These are the ones Dunbar says are, “your shoulders-to-cry-on friendships. They are the ones who will drop everything to support us when our world falls apart.”
These are truly the friendships we dream of having. And I dare say these are the ones we lack the most when we feel we are “all alone” and have “no one that understands.”
We see these displayed in Jesus’s life as well. We call them His inner circle. These are Peter, James, and John.
They were with Him for the transfiguration
Six days later Jesus took Peter, James, and John, and led them up a high mountain to be alone. As the men watched, Jesus’ appearance was transformed, 3 and his clothes became dazzling white, far whiter than any earthly bleach could ever make them. 4 Then Elijah and Moses appeared and began talking with Jesus.
They were the only ones invited with Him into the home of Jairus when Jesus raised Jairus’s daughter from the dead.
And they were the three that accompanied Him in the Garden of Gethsemane before His arrest and crucifixion, where He prayed for God to give another way.
These were His ride or die guys. They were there for the intimate miracles and for the worst of times for Jesus.
We need a few relationships just like these. When we are hurting we need people we can call to come alongside us and just listen to our pain without judgment. Not people to fix our problems, but just love us through them. People that enjoy our good times and are there for our bad times, and us for them as well.
When we are hurting we need people we can call to come alongside us and just listen to our pain without judgment. Not people to fix our problems, but just love us through them.Tweet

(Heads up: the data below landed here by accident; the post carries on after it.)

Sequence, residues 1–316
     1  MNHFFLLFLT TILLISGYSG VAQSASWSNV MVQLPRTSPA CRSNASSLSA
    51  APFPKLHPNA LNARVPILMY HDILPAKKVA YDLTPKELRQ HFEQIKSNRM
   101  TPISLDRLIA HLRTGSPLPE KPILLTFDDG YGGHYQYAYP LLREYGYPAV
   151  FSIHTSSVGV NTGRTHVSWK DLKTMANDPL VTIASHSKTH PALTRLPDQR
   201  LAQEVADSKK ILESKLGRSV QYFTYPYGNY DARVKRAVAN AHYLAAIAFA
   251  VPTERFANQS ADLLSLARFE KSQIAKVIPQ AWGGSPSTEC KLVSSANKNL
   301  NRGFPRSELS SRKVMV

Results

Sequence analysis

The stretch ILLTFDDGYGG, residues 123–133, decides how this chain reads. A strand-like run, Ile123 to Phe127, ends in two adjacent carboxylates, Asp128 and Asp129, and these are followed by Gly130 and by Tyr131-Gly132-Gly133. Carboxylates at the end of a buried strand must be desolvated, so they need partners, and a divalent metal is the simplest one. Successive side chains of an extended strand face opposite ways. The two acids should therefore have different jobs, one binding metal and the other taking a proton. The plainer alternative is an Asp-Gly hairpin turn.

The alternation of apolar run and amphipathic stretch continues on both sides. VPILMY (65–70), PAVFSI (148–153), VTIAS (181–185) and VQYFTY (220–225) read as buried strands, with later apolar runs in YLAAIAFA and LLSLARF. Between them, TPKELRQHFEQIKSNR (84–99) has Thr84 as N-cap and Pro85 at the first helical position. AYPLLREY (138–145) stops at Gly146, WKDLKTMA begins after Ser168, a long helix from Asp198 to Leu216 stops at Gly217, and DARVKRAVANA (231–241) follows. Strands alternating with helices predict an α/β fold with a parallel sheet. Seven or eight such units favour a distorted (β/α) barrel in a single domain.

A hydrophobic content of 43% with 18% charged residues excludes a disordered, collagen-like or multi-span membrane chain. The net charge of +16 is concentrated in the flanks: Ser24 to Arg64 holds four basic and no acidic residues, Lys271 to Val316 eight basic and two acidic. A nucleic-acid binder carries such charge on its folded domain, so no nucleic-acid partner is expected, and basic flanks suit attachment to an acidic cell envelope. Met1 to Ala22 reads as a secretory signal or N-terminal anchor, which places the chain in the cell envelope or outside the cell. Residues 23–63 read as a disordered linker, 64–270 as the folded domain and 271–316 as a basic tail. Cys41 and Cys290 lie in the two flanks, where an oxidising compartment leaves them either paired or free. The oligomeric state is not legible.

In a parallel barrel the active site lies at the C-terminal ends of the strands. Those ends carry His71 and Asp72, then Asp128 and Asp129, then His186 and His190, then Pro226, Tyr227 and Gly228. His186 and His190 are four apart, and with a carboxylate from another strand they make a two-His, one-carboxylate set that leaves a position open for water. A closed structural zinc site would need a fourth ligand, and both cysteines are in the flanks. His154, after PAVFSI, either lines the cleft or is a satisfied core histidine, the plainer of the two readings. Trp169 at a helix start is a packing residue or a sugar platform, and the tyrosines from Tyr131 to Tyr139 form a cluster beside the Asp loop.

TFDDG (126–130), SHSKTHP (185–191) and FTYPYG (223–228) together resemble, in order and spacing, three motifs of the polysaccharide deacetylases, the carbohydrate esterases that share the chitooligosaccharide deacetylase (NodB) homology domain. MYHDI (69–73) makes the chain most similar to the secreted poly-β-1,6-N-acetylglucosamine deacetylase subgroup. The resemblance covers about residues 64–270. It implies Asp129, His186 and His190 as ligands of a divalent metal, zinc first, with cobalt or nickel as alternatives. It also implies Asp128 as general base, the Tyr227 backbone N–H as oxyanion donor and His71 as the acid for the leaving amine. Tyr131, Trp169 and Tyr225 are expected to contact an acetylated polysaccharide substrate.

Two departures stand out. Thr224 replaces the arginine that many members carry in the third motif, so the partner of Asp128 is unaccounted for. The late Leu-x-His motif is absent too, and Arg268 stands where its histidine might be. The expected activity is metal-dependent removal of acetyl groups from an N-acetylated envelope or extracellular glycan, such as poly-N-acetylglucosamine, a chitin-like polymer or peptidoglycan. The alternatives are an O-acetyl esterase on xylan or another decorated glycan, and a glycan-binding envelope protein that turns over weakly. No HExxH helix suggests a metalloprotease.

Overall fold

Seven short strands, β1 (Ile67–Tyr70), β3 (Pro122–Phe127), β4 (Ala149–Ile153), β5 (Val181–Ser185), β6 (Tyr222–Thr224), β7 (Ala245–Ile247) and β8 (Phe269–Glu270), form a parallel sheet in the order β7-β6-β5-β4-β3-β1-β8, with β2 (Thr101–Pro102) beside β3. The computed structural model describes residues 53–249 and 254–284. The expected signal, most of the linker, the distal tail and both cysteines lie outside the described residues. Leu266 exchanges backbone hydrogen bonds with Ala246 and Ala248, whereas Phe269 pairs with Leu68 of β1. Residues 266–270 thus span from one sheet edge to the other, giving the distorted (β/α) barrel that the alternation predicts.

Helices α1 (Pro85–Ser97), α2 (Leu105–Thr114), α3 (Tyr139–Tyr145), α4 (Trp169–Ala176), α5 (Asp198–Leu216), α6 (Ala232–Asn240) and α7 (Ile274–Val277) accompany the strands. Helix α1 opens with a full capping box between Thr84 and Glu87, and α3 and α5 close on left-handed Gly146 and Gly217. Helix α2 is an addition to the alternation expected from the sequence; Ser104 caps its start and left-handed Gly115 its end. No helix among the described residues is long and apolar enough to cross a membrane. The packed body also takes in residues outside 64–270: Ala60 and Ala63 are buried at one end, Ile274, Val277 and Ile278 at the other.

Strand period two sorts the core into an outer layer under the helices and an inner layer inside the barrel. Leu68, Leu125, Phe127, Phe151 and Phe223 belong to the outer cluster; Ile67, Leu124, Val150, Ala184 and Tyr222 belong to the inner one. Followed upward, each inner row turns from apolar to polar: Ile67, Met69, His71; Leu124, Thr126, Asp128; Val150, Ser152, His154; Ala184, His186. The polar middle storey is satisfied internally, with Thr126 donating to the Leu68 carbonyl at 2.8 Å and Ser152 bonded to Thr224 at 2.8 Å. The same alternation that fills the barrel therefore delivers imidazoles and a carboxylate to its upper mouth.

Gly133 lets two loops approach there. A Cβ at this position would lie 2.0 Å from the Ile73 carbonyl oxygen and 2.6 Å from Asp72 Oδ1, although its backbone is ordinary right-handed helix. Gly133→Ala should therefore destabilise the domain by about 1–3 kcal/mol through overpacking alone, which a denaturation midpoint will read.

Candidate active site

As we have been talking about community these past few weeks I want to point out that we need friends in our community. We are not created to be alone. God has friendships out there that are just what we need. But, as we have been talking about and learning as well, we need to be intentional to find and make them.
Even in looking at Jesus’s life, we see He picked His own people, and then made selections of the acquaintances that followed Him. He even chose 3 of His best friends to be His closest friends. It is ok for you to do the same.
Remember, pray for friendships, pray about those you let speak into your life and for those that may need you to speak into their lives. Don’t accept just anyone, pray about them. Pray for community.
You Are Christ’s Friends
Jesus wants you as His friend. Too often we may look at our relationship with Jesus as a Master/slave relationship. But I believe Jesus wants more than that for us.
“I have loved you even as the Father has loved me. Remain in my love. 10 When you obey my commandments, you remain in my love, just as I obey my Father’s commandments and remain in his love. 11 I have told you these things so that you will be filled with my joy. Yes, your joy will overflow! 12 This is my commandment: Love each other in the same way I have loved you. 13 There is no greater love than to lay down one’s life for one’s friends. 14 You are my friends if you do what I command. 15 I no longer call you slaves, because a master doesn’t confide in his slaves. Now you are my friends, since I have told you everything the Father told me. 16 You didn’t choose me. I chose you. I appointed you to go and produce lasting fruit, so that the Father will give you whatever you ask for, using my name. 17 This is my command: Love each other.
Are you Christ’s friend? He says that if you are, you’ll do what He has commanded, and you will love one another. He has confided in us His Word and His love to share with the world. He chose us, we didn’t choose Him.
And He has work for us to do with Him, He wants us to be His ride or die people. Are you?
Here’s a couple extra thoughts that didn’t make it into the message but I think are important reminders from Dunbar.
“Losing and gaining (friends) is largely a consequence of who you’re exposed to.”
“Don’t be fazed by loss of friends, because it’s an opportunity to go off and make new friends, which may turn out to be even better.”